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Saturday, Sep 23, 2023

Candid Job Talk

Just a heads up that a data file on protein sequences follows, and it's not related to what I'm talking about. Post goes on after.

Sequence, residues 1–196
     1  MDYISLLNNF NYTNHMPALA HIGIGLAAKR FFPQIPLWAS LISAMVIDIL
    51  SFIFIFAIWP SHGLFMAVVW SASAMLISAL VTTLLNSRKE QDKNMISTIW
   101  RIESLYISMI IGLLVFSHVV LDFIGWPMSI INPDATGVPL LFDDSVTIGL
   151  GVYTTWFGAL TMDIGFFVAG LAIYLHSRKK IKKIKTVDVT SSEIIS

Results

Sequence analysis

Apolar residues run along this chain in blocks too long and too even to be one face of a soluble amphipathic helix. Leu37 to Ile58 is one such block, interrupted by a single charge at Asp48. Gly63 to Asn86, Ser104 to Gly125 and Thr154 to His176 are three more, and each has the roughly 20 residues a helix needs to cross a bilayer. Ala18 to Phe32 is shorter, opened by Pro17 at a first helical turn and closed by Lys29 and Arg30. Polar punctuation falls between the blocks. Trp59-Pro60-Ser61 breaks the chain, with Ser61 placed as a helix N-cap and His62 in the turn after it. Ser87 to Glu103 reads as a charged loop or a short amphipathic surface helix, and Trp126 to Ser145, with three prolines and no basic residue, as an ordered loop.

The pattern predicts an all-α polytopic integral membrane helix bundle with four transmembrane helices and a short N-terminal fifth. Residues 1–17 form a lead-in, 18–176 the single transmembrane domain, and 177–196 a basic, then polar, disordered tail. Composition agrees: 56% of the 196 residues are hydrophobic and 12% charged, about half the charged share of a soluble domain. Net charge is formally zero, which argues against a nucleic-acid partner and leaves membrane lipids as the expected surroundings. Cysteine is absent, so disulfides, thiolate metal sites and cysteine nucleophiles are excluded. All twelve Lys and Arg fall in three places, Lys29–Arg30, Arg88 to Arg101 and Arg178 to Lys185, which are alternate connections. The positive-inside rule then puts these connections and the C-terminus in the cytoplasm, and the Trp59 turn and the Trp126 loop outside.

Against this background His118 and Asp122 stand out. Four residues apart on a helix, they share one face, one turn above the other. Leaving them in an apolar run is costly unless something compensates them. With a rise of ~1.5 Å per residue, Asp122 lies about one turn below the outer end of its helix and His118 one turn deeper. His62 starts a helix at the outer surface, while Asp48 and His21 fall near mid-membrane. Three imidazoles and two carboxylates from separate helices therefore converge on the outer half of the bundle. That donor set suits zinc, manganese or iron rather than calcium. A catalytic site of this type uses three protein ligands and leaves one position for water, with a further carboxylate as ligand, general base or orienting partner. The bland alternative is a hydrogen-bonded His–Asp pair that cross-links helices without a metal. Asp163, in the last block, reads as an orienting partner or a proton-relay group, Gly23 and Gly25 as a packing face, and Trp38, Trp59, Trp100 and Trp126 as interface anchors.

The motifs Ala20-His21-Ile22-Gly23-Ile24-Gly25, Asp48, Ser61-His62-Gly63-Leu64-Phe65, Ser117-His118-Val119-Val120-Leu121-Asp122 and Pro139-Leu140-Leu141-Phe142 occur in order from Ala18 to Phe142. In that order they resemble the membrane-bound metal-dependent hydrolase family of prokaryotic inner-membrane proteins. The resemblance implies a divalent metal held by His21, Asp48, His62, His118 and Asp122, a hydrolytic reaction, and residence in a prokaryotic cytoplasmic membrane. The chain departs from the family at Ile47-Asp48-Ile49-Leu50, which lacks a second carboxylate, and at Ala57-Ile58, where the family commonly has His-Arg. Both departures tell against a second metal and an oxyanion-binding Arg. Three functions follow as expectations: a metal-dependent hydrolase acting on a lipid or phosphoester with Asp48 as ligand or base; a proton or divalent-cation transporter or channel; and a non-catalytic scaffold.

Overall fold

Karen Gabler has been practicing law for 27 years, and employment law for 22 years. She founded LightGabler with Jonathan Fraser Light in 2011. The Camarillo firm provides advice and counsel to employers on day-to-day employment issues. Gabler specializes in employment training for managers and staff; she handles litigation when there is an administrative or civil charge, as well as investigations and audits related to employment. The firm, which started with seven people, now employs more than 20. LightGabler ranks No. 24 on the Business Journal’s list of law firms. Question: What is the most challenging aspect of your job? Answer: California law. California employment law is really complicated and restrictive for employers. It’s just so challenging for any business, particularly smaller businesses, to know what they need to do, how they should do it. What I find most of the time is the majority of my clients are actually trying to treat people well and to take care of their employees, and they’re being hit with minor errors and little gotchas just because they did it really well but happened to do it wrong. Can you provide some hypotheticals on what California employers are running up against right now? I would say that the two biggest issues – they have been for a while and continue to be even more so now – are harassment and wage and hour issues. In the harassment arena, we have a lot of fallout from the MeToo movement. On the one hand, as a society, it’s good to have these issues come to light and make people feel comfortable raising complaints. But what we’re finding is there is any number of workplace complaints that can turn into a harassment complaint. It could be something simple. As one employee said to me in a training, “If my manager tells me I’m doing a bad job, isn’t he bullying me and harassing me?” How does this play out for employers? It’s challenging for employers to know what kind of complaint is something that humans should be able to resolve in a professional environment, and what kind of complaint requires an in-depth investigation, processing and training, and everything else that goes with harassment. We’re seeing a lot of issues related to complaints coming up that have been simmering for a long period of time because it is so prevalent in the news today. There is so much discussion about how people have been treated in the past, and where we’ve gone wrong in the harassment arena, so now we’re seeing this come to light and we’re getting more and more harassment complaints. Somebody’s upset with the way they’re being spoken to, the way they’re being treated, etc. How do you differentiate between a serious problem and something that can be handled within a company? When I’m doing training or advising managers, my recommendation is always to follow up on every complaint. The question isn’t really does this need action, but more what level of action does it need. Any time an employee expresses that they are unhappy, we’re not looking for buzz words, we’re looking for things like “You hear what he said this morning?” “What she did in that meeting?” “I’m really frustrated today.” Things that would be normal, human conversations should warrant at least an extra question, because it may be a very minor frustration, but it could also be a frustration that has been brewing over time with this particular person. Any time someone is unhappy, I would ask a few extra questions. You may find that it’s an issue you can resolve just by discussing it and resolving it in the moment, or it may be something where we need to speak with a few more witnesses and look into past history to do a little bit more of a formal process. Either way, we always want to document what was done, even if it was just a simple email to the manager saying employees had a dispute this morning and we talked to both of them (and) we worked it out. What are the new requirements for employers to follow in job interviews? There is always the question of, are you asking questions about protected categories, and do you need to stay away from those? That’s been true for quite some time. The biggest landmines right now are asking about salary history and asking about prior criminal convictions. Both, within the last year, have been removed from the application process. What is the thinking behind these rules? The concept behind the salary question is really to address past discrimination. Managers who are looking to get an employee at the best possible rate they can, a typical past negotiation would have been: “What are you making now and if I give you a little bit more than that, am I enticing you to come?” Our legislature has taken the position that women and minorities have been paid less in the past, therefore if we’re basing a job offer, a salary offer, on what they were making before, we’re perpetuating that discrimination. The solution they’ve created is, you’re not allowed to ask about past salary at all. It makes it a little more challenging to have a negotiation. Some would say that’s really the employee’s responsibility to negotiate for themselves properly. But what we have – and this is very typical of California legislation – is a problem that has been abused in certain scenarios, and they implement wide-ranging legislation to address that problem, and it captures hundreds of employers who aren’t trying to abuse anyone when they’re just trying to get through the day running a business. What about the past conviction question? In the criminal conviction issue, same kind of concern. More minorities have had prior criminal convictions, historically, they have not received the same advantages and favors and benefits in the criminal justice system as, for instance a Caucasian male might have received, so the concept is you cannot ask about prior criminal convictions in the application process, because that may cause the employer not to give a second look to somebody who had a prior mistake. What you can do is you can make a job offer that is contingent upon a background check, look at the background check and look at whether there’s an issue. If there is an issue, we then have to look at does it relate to the job. If somebody has a conviction for a DUI but they will never drive for this job, it’s not relevant. If they’re applying for an accounting position and they have an embezzlement conviction, that would certainly be relevant. So how do employers calculate offers? There are a variety of resources available; there are salary surveys for some industries. A lot of employers will just look at posted positions for competitors in the industry. There are certainly differences in geographic location, and that’s still valid. You could say you’re going to pay someone in Ventura less than someone in the city of Los Angeles. However, you couldn’t say I’m recruiting somebody from Los Angeles so I’m going to offer them $75,000, and I’m also recruiting somebody from Ventura, so I’m going to offer them $50,000. You would still need to have a standardized scale for the position. You could certainly make distinctions based on education, what they’re bringing to the table, how much experience they have, are they bringing a book of business and other factors that you might consider. Where are employers getting hit with frivolous or shakedown lawsuits? I don’t know if I would go so far as to call it a shakedown lawsuit, but where I’m seeing the greatest abuse is in our legal standard in the State of California. If you bring a wage claim and you win any amount at all, you can recover your attorney fees. So what we’re seeing are cases where there might be the most minor of abuses – there may be a situation where somebody misses a couple hours of overtime or meal and rest periods. If they can show that they even missed a couple of them due to work, then the attorneys can come forward and bring lawsuits, or maybe win $1,000 for their client, but recover a couple hundred thousand in attorney fees for themselves. You’ve actually seen this? I’ve had attorneys say things in settlement negotiations such as: “I don’t care what my client gets as long as I get my fees back,” or “I’m not going to settle this case because I’m building a firm and I need to show that I have trial experience.” So we’re stepping away from a real reimbursement for the employees for damages they’ve actually suffered, and it has become more of a game for the legal profession to pursue minor wage and hour mistakes to get a windfall. Are certain industries or issues targeted for these lawsuits? Not really. Certainly mid-size to larger employers are being targeted more often because if there are widespread violations – widespread errors more likely than violations – there are class actions being filed all the time, and Private Attorney General Act actions. You have the potential of grabbing 200 employees rather than eight employees; certainly that’s going to be more lucrative for the plaintiff attorneys that are bringing these cases. How would you suggest employers handle these lawsuits? Get legal counsel immediately to discuss options, and in a wage claim where there are likely to be errors, they would want to immediately work with counsel to analyze what could actually be due, what violations do we truly have. There is often a thought among attorneys of, “Let’s get into a case, let’s do some discovery, let’s spend some time fleshing this out before we start settlement negotiations.” When you have wage and hour violations, $5,000 of damages to one employee can turn into $25,000 to $50,000 in related penalties and fees within a matter of weeks. The primary thing to consider in a wage claim is do we actually have violations and let’s analyze what that could cost us. We can make a realistic judgment about, should we try to mediate it, should we try to settle it, should we fight this. The more fees you spend, the more the other side is spending; now you’re just paying your lawyers and their lawyers instead of actually resolving a dispute. What do you think of PAGA (the Private Attorney General Act)? I do think it’s unfair to employers. We don’t have enough reported case law discussing a variety of issues related to how it plays out. What happens is, because there are such extraordinary damages and attorneys fees for these types of claims, 99.9 percent of these cases will settle before they ever see a courtroom and that means we don’t have any reported case law, so that leaves it open to argument on all sides and it makes for much more costly litigation because you don’t have the opportunity to say this is what the law requires. What strategy should employers take when met with a PAGA lawsuit? The PAGA lawsuit starts with a letter to the state, and there is a 60-day prerequisite requirement with that letter. The first notice that an employer should get of a pending PAGA lawsuit would be that letter to the state, and they’ve got 60 days at that point to get themselves ready to deal with the case before it can actually be filed – assuming the state doesn’t take it on, and frankly the state never does. So that 60-day window is a good period of time in which the employer needs to talk with counsel, analyze whether or not there is potential liability and what that might look like, talk with the opposing attorney about whether there’s an opportunity to discuss the case before it is filed. One of the key issues with the PAGA lawsuit is once it’s actually filed: you cannot settle the case without court approval of that settlement. So that 60-day window, when you know a case is coming but it hasn’t actually been filed, is a good time for both sides to have conversations about how we want this to go and what is the best way to work this out most productively for everybody involved. What’s the strategy for the employer’s legal team? What they’re trying to avoid is plaintiff attorneys making PAGA claims to try to ramp up the settlement offer to their individual client, getting more money for that individual and dismissing the claim, so the court’s going to take a look at that and say you claim to be representing everybody, you’re not going to settle just for one person, you’re going to settle for everybody. You need to make sure that if you claim to represent everybody impacted at the workplace, that you’re actually going to serve their interest and just use this as a leverage option. Is there a common end goal tied back to the state’s legislative changes? I think that assumes a level of forethought that just isn’t there. What I typically see with legislation – and this year is no exception – is that our legislature is very reactive. We see that there is a problem, so we debate legislation to address that problem and we throw it out there, and then let the chips fall where they may. Let the attorneys and the parties and the courts and the arbitrators work out how that’s actually going to be handled in real time. What I don’t ever see in the legislative process is a plan for what is the actual problem: “How can we solve the issues that lead to the problem?” “How can we address abuses without unfairly targeting employers who really are doing the best they possibly can?” What changes in the legal system would you like to see? Consideration for not rewarding attorneys for pursuing even minor issues. What we see are a lot of benefits to attorneys, a lot less benefits to business owners. It puts a very serious damper on business in the state. We have seen numerous businesses moving out of state, choosing to not move into the state, less employment opportunities for the individual employees involved, because it is so burdensome and so restrictive to run a business here.